While head coach Bob Huggins would much rather be playing Memphis or Kentucky at this point in the season, he knows the emphasis which fans of both teams place on this game. He also knows he will get the Herd's best shot – that players with heretofore limited production might just come up huge in the game of the season (at least from Marshall's perspective). Huggins is nothing if not competitive, so it's unlikely that he will overlook this game, or downplay it as it has been in the past.

This game often comes down to a test of will and "want-to". Certainly, Huggins will again juggle his defenses to find the best fit against MU's offensive talents. And Herd head coach Donnie Jones, who has done a solid job in his first season, will also have his share of tweaks for West Virginia. But in the end, games like this, which are inflamed by the passions of the crowd, tend to come down to a handful of possessions – and the winner of those is often determined by the team, and players, that want it more.

Don't buy that? Well, take a look at West Virginia's most recent home game – a win over St. John's. Although a crowd of more than 13,000 was in attendance (more than will be at the WVU-MU game), there wasn't a great deal of buzz. Even when West Virginia trailed early, there wasn't the usual pickup that a Coliseum crowd provides. Thus, some stretches of the game seemed almost desultory – let's get this thing over with and get out of here.

That won't happen in Charleston. No matter which team is winning or playing well, there will be buzz in the Civic Center. The players will feel it. And the team that responds the best, that plays with the most energy, will likely come out on top.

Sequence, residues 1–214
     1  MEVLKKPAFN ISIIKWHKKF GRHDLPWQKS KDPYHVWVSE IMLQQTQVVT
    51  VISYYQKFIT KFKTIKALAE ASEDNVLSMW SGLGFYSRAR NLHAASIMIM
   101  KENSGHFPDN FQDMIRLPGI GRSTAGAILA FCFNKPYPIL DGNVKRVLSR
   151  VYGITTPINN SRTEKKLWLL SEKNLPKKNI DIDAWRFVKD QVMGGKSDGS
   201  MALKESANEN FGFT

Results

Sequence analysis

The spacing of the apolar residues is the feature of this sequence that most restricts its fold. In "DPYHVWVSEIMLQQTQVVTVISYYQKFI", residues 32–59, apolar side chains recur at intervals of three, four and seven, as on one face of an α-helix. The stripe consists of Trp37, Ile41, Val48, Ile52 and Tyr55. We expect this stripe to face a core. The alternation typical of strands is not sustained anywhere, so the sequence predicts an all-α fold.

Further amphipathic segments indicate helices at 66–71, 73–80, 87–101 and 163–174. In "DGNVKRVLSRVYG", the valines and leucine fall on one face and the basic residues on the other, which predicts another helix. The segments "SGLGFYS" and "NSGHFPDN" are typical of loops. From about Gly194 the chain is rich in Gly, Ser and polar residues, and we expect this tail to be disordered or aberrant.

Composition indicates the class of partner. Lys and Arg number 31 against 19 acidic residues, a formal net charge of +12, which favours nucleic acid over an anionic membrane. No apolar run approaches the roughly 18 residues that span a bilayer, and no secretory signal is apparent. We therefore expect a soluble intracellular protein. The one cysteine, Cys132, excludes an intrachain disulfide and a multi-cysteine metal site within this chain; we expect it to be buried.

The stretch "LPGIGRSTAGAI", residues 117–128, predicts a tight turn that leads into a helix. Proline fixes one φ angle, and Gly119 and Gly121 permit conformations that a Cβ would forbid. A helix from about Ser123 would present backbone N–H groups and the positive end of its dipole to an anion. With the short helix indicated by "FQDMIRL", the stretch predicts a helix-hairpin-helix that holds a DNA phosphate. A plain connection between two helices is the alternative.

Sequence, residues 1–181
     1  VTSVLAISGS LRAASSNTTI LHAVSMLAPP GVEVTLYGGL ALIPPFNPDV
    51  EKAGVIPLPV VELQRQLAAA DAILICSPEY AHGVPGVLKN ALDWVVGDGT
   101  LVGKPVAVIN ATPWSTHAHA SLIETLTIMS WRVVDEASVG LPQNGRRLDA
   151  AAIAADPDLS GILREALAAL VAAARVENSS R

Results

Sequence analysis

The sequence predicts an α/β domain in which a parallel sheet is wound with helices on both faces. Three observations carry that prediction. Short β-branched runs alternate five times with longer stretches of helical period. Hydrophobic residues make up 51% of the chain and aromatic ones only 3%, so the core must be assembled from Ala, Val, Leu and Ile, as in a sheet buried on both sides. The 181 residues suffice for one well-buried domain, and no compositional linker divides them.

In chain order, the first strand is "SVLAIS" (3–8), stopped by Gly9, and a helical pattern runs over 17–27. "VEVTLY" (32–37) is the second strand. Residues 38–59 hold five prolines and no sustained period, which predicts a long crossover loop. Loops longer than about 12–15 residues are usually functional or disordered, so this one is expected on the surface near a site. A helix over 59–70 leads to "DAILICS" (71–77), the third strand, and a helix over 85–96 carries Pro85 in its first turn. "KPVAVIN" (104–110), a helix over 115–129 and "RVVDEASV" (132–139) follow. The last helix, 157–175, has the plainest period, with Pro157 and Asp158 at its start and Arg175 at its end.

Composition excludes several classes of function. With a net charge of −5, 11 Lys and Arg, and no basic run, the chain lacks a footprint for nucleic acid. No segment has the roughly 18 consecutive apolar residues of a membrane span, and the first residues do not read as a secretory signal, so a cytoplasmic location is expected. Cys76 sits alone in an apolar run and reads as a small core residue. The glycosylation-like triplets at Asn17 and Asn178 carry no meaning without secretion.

WVU: Joe Alexander (Groin) Doubtful, Joe Mazzulla (Thigh) Probable

MU: Markell Humphrey (Foot) Doubtful, Taurean Marshall (Knee) Out


Da'Sean Butler doesn't get enough credit for all the things he brings to the team. So, in this game, keep an eye on the silky smooth sophomore forward. Watch his series of pump fakes, spins and stepthroughs as he creates space for his shot. Keep track of him on the boards, where he uses good position and quick feet to get to the ball. Watch him on defense, where he often is forced to guard players several inches taller and more than a few pounds heavier than he. Hopefully, you'll get an appreciation for the many ways in which he contributes to the team effort.

When it comes time to name our players of the game, Butler's steady contributions often are taken for granted. He'll be second or third in points scored, and usually the same in rebounding. He'll have hit a key three-pointer, made a big steal, or whirled into the lane to bank home a difficult shot. But still, he tends to get overlooked, so consider this one small attempt to rectify that situation. And take the time to appreciate all the facets of his game – we'll be doing the same.

* * *

Marshall has converted a 3-point shot in 530 straight games, a streak that has spanned 20 seasons. The last time the Thundering Herd did not make a 3-pointer in a game was on Feb. 27, 1989, versus Appalachian State (MU def. ASU, 97-96).

* * *

WVU is 50-19 all-time at the Charleston Civic Center, which includes games played on the "old side" of the building, as well in the new Coliseum.. WVU is 58-21 all-time in Charleston.

* * *

Marshall's game notes claim a pair of wins over conference preseason favorites, but the logic appears to be a bit puzzling. In an item titled "Conference Preseason Favorites Fall at the Cam", the following appears:

"Marshall defeated a pair of preseason favorites to win their respective conferences with its victories over East Tennessee State Big East co-favorite Louisville on Dec. 18 and, after a halftime tie at Freedom Hall, fell to the Cardinals by 10 points. Louisville and Georgetown each received eight votes to win the league."

Perhaps this is the same sort of thinking that dubs as its greatest football victory a 31-42 decision over West Virginia in 1997.

Mountaineers Daily Top Stories